Rear Admiral Shepard M. Smith
Director, Office of Coast Survey
Director, Office of Coast Survey
Rear Admiral Shepard M. Smith became Coast Survey director on August 26, 2016. He is the 30th leader of the agency since the first superintendent, Ferdinand R. Hassler, was appointed in 1816.
Hallmarks of Smith’s career have been his leadership in the modernization of NOAA’s charting systems and transformation of NOAA’s hydrographic technologies. That leadership and experience will now be applied to expanding Coast Survey’s data capabilities and supporting a data-enabled maritime economy, among other challenges.
Smith returns to Coast Survey from his most recent assignment as commanding officer of NOAA Ship Thomas Jefferson, on which he served three tours during his NOAA career. During his latest tour, Smith became NOAA’s first commanding officer to operationalize unmanned surface vehicles for mapping shallow areas previously inaccessible and uncharted.
Prior to his last ship assignment, Smith was the chief of Coast Survey’s Marine Chart Division. While there, he changed the nation’s charting tradition, established in the 19th century, by restructuring chart production and distribution. That modernization made U.S. navigational data more accessible to the public through a wider range of electronic formats, faster and more accurately.
Among his earlier ship assignments, Smith surveyed Alaska while on NOAA Ship Rainier. He was on the interagency response teams for the search and recovery of TWA flight 800, Egypt Air flight 990, and the private plane piloted by John F. Kennedy, Jr. He also commanded Thomas Jefferson during her six-week response to the Deepwater Horizon oil spill.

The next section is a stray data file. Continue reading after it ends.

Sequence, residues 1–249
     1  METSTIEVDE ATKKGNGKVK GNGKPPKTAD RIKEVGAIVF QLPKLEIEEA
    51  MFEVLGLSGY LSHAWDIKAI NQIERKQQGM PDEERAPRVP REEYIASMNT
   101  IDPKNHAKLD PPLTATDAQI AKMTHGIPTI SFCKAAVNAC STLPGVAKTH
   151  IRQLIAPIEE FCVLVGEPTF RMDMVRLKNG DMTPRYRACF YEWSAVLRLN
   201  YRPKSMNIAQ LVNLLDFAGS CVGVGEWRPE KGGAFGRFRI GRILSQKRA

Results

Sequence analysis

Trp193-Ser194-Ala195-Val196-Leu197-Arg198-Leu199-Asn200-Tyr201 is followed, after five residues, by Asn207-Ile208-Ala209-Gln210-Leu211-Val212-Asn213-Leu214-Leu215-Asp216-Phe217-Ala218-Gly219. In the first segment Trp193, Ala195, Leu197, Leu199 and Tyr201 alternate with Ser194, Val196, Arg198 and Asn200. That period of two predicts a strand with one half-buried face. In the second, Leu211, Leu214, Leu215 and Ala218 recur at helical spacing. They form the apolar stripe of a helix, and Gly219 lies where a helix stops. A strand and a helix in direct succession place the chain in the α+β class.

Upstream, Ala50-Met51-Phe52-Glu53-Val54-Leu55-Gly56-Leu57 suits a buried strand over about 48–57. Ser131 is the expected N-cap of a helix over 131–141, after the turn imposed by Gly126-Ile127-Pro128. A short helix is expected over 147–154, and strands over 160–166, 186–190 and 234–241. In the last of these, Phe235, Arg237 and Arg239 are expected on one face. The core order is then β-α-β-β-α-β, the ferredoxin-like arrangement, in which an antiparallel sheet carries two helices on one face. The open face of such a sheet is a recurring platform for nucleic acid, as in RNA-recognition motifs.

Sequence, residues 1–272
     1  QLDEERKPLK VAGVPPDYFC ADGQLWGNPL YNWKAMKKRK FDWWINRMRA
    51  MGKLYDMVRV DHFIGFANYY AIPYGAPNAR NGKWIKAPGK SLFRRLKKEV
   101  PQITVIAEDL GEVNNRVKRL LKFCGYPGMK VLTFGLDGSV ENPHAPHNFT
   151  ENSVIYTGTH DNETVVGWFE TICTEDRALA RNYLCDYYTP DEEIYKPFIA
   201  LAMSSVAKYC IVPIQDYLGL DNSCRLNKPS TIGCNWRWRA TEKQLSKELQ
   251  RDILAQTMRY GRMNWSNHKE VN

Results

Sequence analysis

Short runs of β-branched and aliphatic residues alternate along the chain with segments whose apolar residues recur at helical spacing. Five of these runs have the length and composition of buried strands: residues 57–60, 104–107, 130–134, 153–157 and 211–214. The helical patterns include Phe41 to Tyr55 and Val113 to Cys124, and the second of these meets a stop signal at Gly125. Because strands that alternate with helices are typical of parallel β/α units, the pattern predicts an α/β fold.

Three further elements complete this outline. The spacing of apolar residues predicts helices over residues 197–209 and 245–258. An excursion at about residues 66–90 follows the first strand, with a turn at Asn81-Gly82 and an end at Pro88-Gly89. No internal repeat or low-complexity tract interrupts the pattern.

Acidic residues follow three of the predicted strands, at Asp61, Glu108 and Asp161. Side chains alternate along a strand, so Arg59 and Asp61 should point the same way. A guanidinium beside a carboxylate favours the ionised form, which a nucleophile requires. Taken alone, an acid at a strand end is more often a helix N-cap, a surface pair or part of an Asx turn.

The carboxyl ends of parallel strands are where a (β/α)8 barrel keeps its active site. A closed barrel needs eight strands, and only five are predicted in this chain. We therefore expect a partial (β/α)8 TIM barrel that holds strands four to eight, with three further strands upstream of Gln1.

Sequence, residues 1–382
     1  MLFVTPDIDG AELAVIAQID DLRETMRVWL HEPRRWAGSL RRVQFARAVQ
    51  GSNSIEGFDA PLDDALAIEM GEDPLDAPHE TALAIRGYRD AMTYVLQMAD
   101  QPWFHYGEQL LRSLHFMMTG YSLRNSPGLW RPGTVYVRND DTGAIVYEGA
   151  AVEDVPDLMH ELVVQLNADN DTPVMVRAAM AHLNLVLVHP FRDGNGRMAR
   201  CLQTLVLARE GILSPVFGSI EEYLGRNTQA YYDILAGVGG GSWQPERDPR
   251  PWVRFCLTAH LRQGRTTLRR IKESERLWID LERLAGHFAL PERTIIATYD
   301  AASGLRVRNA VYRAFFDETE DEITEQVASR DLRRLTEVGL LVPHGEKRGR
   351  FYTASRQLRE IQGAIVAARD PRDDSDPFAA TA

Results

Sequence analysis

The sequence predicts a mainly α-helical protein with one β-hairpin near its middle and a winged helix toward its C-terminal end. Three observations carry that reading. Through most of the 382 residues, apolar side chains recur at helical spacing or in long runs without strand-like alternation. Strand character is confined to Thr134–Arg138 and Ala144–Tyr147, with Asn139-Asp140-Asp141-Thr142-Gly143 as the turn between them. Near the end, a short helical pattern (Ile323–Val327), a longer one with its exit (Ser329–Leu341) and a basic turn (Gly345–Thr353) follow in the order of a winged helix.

Smith’s other assignments with Coast Survey include chief of the Atlantic Hydrographic Branch, and deputy hydrographer. Elsewhere in NOAA, Smith served as the deputy director of the Office of Response and Restoration, on the staff of the USCG LANTAREA headquarters, and as a senior advisor to the assistant secretary of environmental observation and prediction. He was the NOAA representative to the Allied Maritime Sub Group, and was part of the U.S. delegation to the International Hydrographic Organization’s (IHO) Hydrographic Services and Standards Committee. He served as the chairman of the IHO Data Quality Working Group.
Thomas Jefferson, under his command, was awarded a Commerce Gold Medal for heroism. Smith has individually been recognized with two Commerce Bronze Medals, four NOAA Corps Commendation Medals, five NOAA Corps Special Achievement Medals, the Society of American Military Engineers’ Colbert Medal, the Association of Commissioned Officers’ Engineering Award, three U.S. Coast Guard awards and one National Intelligence awards for interagency operations, six NOAA Unit Citations, and the NOAA Corps Outstanding Volunteer Service Medal.
Smith is a native of Strong, Maine. He attended Deep Springs College and Cornell University, where he graduated with a bachelor of science in mechanical engineering in 1993. He earned a master of science in ocean engineering from the University of New Hampshire in 2003, also completing the requirements for the IHO Category “A” program from the same institution. He received a direct commission to the rank of ensign in the NOAA Corps in 1993.